Fuel Subsidies Are the World's Dumbest Policy

At these prices, who can refuse?

Photographer: George Osodi/Bloomberg

Many things have gotten harder as the world settles into a protracted spell of low oil prices and sluggish growth -- from avoiding deflation to creating jobs. One thing has gotten easier, as well as more urgent: eliminating fossil-fuel subsidies.

Governments have long paid lip service to this idea. The G-20 has been promising to phase out fuel subsidies since 2009, but the measures remain widespread and resilient.

Nations from the U.S. to the U.K. to Russia continue to spend billions on tax breaks and other subsidies for the production of oil, gas and coal. Japan, South Korea and China support massive fossil-fuel projects outside their borders. For years, many countries -- including some of the world’s biggest energy producers -- have also used subsidies to lower gasoline and diesel prices, supposedly to help the poor.

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The sums involved are huge. The International Energy Agency estimates that countries spent $493 billion on consumption subsidies for fossil fuels in 2014. The U.K.’s Overseas Development Institute suggests G-20 countries alone devoted an additional $450 billion to producer supports that year.

These ridiculous outlays would be economically wasteful even if they didn’t also harm the environment. They fuel corruption, discourage efficient use of energy and promote needlessly capital-intensive industries. They sustain unviable fossil-fuel producers, hold back innovation, and encourage countries to build uneconomic pipelines and coal-fired power plants. Last and most important, if governments are to have any hope of meeting their ambitious climate targets, they need to stop paying people to use and produce fossil fuels.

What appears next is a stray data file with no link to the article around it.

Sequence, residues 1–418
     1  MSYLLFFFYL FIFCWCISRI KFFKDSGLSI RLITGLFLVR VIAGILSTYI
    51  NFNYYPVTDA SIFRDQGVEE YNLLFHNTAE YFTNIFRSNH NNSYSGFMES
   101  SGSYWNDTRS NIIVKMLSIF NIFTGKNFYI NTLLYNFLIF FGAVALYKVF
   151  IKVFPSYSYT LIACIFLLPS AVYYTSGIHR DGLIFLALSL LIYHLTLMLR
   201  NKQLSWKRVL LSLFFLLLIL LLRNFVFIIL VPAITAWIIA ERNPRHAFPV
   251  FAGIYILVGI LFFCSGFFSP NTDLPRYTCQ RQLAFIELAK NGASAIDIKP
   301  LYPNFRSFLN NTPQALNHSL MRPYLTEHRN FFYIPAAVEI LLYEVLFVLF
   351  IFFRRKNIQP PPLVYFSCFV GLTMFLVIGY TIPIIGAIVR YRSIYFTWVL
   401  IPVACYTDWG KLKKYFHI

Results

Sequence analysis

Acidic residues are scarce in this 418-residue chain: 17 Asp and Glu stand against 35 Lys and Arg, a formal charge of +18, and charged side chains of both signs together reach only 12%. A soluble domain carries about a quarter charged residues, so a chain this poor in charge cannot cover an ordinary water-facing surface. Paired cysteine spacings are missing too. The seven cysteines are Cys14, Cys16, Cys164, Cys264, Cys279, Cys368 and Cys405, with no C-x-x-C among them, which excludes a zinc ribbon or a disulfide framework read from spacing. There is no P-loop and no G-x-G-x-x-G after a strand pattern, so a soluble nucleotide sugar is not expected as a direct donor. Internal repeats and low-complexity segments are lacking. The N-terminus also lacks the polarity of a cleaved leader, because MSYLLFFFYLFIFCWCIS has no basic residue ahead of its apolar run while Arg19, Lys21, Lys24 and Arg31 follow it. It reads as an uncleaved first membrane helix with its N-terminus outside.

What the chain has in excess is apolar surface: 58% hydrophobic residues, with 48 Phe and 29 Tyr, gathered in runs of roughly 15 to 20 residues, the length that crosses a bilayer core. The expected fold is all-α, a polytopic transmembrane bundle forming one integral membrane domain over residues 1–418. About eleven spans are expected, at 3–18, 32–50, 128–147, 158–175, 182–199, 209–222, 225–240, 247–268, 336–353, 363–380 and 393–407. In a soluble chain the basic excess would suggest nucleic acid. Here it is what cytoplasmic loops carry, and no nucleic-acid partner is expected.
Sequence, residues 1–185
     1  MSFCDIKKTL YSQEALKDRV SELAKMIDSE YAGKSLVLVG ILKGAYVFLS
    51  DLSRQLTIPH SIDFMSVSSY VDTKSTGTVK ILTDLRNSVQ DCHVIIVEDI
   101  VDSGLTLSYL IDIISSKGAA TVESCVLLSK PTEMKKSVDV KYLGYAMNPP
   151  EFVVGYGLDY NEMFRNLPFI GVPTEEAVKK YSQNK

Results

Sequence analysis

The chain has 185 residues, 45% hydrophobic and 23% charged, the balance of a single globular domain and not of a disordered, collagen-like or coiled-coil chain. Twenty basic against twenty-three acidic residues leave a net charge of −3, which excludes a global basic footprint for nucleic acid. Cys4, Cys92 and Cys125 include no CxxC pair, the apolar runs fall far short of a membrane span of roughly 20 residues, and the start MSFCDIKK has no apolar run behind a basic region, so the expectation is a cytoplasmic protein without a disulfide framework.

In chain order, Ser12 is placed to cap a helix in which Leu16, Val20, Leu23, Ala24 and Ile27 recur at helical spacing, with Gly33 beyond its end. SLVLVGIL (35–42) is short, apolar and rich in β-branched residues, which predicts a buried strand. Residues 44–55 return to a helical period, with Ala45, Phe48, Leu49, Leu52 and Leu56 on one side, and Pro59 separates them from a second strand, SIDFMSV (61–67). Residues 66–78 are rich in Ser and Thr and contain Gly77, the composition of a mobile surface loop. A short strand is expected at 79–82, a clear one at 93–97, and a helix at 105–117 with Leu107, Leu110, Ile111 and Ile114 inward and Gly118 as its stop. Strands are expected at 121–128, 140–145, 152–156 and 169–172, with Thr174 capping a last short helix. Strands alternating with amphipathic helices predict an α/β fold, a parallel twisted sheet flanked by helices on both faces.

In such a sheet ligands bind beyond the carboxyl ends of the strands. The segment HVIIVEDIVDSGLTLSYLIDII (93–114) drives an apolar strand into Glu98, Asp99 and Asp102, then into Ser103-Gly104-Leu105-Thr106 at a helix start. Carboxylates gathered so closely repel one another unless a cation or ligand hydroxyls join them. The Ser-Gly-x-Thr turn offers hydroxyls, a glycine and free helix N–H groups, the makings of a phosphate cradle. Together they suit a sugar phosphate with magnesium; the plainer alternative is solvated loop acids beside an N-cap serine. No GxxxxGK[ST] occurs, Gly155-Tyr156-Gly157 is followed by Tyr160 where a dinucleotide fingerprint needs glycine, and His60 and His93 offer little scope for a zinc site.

Right now, the conditions for doing that could hardly be better. While oil is cheap, governments can phase out demand-side subsidies without hurting consumers too much. And the possibility of slower growth in the longer term caused by demographic pressures and faltering innovation makes it all the more vital to use resources efficiently. Wasteful subsidies crowd out public spending on infrastructure and education that would help to put growth back on track.     

Protecting the poor will be important, but it needn’t be difficult: Spending less on fuel subsidies would free revenues to be used for that purpose. Note, though, that fuel subsidies mainly benefit the rich and middle class. (In low- and middle-income countries, rich households use far more subsidized fuel than poor households.) Political resistance to reforming subsidies often arises more from the cost it would impose on the better-off than from the burden it would place on the poor.

That’s why explaining the policy to voters will be crucial. Governments need to make clear how much the existing policy is costing all citizens in higher taxes, wasted resources (hence lower living standards) and avoidable environmental damage.

Promises such as the G-20’s pledge in 2009 are no use. Too vague. At the upcoming G-20 meeting, governments need to do better. They should agree on a standard method to measure and report their various subsidies, then set strict timelines for eliminating them. That way, there’s a better chance of holding them to account. Anything less than a clear and testable commitment will perpetuate an egregious policy failure that has been allowed to persist for far too long.

To contact the senior editor responsible for Bloomberg View’s editorials: David Shipley at davidshipley@bloomberg.net.